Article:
If less than five students are registered to a course, the department might reduce the teaching, please see the department's guidelines regarding this on Mitt UiB. Regarding a course where this is a possibility the students get information about this at the beginning of the semester, and before the deadline regarding semesterregistration 1.February/1.September.
Compulsory Assignments and Attendance
Attendance is mandatory, effective for all teaching activities, including orientation meeting. The attendance is logged and approved by the teacher.
If the absence exceeds 25 per cent of lectures and/or lab sessions, the student must provide a doctor's note for the absence. There will be no credits for the course if this requirement is not met.
The course consists of 10 compulsatory assignments, which cover the different areas described in Objectives and Content. The requirements and the deadlines for these are clearly outlined in the course manual, and on mittuib. For several of the submissions, there is mandatory tutoring in form of individual conversations or conversations in smaller groups. For several of the submissions, students must comment on peer work in an insightful manner. One of the assignments is a comprehensive group work. The students get the result and a short comment on their work shortly after submission. If the work is not approved, the student has one more try. The teacher sets anew, manageable deadline, which is final.
The submissions must follow academic standard for argumentation, citing and illustrating.
Forms of Assessment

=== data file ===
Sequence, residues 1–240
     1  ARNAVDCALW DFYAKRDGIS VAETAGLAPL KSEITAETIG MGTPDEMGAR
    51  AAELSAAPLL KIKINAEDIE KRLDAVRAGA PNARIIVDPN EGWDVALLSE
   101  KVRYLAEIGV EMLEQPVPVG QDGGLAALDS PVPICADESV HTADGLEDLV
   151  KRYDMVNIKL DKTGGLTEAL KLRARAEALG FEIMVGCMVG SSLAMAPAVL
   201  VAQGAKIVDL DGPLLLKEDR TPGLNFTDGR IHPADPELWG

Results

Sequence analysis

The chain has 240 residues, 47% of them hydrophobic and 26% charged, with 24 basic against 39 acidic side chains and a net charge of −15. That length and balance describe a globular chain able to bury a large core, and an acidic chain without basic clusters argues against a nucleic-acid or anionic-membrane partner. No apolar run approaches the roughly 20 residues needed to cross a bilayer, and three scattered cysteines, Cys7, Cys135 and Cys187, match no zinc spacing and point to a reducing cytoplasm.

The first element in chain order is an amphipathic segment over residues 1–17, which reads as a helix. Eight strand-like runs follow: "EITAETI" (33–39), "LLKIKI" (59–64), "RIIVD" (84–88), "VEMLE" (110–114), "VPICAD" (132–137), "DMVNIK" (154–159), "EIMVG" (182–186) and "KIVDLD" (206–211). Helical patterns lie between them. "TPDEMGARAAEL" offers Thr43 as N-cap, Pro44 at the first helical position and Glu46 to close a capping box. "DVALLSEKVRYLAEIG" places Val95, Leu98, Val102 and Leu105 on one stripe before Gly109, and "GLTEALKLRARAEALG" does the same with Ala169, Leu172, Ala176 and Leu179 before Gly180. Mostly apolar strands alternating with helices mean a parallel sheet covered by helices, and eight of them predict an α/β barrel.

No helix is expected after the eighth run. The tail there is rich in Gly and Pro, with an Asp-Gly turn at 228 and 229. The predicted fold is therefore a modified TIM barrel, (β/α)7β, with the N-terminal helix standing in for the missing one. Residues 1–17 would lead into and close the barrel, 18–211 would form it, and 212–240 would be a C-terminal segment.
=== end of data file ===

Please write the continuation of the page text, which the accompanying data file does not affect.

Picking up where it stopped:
The student must submit one of the assignments submitted and approved during the semester in consultation with the teacher.
We use a course book in HTML5 and CSS3, and a few specialized books about design, technology and information architecture. These readings are completed with books excerpts, articles etc. which are downloadable from Mitt UiB. We expect students to actively complete the readings with self-found material, and to keep themselves updated by following design blogs and collections, and generally use web resources in their own work. Suggestions of such sources are given in reading lists and at the lectures.
All material is in principle in English. The students may refer to sources in other languages.
The reading list (as far as ready beforehand) is downloadable at Mitt UiB before the semester start. It will be completed subsequently. The material is available at Akademika or as e-books before semester start.
Evaluation will be conducted in accordance with the University of Bergen's quality assurance system.
Department of Linguistic, Literary and Aesthetic Studies.
Department of Linguistic, Literary and Aesthetic Studies. E-post: firstname.lastname@example.org
Type of assessment: Portfolio assessment
- Examination system
- Digital exam